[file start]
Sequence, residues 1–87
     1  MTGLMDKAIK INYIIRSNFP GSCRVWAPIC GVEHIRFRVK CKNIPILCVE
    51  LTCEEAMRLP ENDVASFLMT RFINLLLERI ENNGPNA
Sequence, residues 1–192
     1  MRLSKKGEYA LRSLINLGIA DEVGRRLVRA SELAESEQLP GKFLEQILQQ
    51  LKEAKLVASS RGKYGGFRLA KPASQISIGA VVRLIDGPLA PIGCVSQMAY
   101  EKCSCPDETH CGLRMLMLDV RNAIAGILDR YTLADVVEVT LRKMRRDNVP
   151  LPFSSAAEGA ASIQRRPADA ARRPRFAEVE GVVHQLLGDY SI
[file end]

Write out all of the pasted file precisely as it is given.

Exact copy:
Sequence, residues 1–87
     1  MTGLMDKAIK INYIIRSNFP GSCRVWAPIC GVEHIRFRVK CKNIPILCVE
    51  LTCEEAMRLP ENDVASFLMT RFINLLLERI ENNGPNA
Sequence, residues 1–192
     1  MRLSKKGEYA LRSLINLGIA DEVGRRLVRA SELAESEQLP GKFLEQILQQ
    51  LKEAKLVASS RGKYGGFRLA KPASQISIGA VVRLIDGPLA PIGCVSQMAY
   101  EKCSCPDETH CGLRMLMLDV RNAIAGILDR YTLADVVEVT LRKMRRDNVP
   151  LPFSSAAEGA ASIQRRPADA ARRPRFAEVE GVVHQLLGDY SI